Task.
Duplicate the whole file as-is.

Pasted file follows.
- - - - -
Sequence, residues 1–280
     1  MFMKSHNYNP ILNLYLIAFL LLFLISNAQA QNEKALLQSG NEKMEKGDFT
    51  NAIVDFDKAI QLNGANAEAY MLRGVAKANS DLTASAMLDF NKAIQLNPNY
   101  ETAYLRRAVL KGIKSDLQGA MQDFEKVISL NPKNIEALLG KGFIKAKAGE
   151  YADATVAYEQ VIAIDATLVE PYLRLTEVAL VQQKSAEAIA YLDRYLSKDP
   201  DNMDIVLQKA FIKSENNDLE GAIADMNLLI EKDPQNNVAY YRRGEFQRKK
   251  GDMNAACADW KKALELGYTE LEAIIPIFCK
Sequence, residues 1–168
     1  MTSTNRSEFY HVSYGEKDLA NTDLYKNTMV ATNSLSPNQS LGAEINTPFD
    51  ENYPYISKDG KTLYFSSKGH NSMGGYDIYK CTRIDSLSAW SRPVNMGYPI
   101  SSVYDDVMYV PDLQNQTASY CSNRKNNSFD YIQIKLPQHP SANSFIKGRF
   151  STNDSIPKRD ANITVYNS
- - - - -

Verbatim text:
Sequence, residues 1–280
     1  MFMKSHNYNP ILNLYLIAFL LLFLISNAQA QNEKALLQSG NEKMEKGDFT
    51  NAIVDFDKAI QLNGANAEAY MLRGVAKANS DLTASAMLDF NKAIQLNPNY
   101  ETAYLRRAVL KGIKSDLQGA MQDFEKVISL NPKNIEALLG KGFIKAKAGE
   151  YADATVAYEQ VIAIDATLVE PYLRLTEVAL VQQKSAEAIA YLDRYLSKDP
   201  DNMDIVLQKA FIKSENNDLE GAIADMNLLI EKDPQNNVAY YRRGEFQRKK
   251  GDMNAACADW KKALELGYTE LEAIIPIFCK
Sequence, residues 1–168
     1  MTSTNRSEFY HVSYGEKDLA NTDLYKNTMV ATNSLSPNQS LGAEINTPFD
    51  ENYPYISKDG KTLYFSSKGH NSMGGYDIYK CTRIDSLSAW SRPVNMGYPI
   101  SSVYDDVMYV PDLQNQTASY CSNRKNNSFD YIQIKLPQHP SANSFIKGRF
   151  STNDSIPKRD ANITVYNS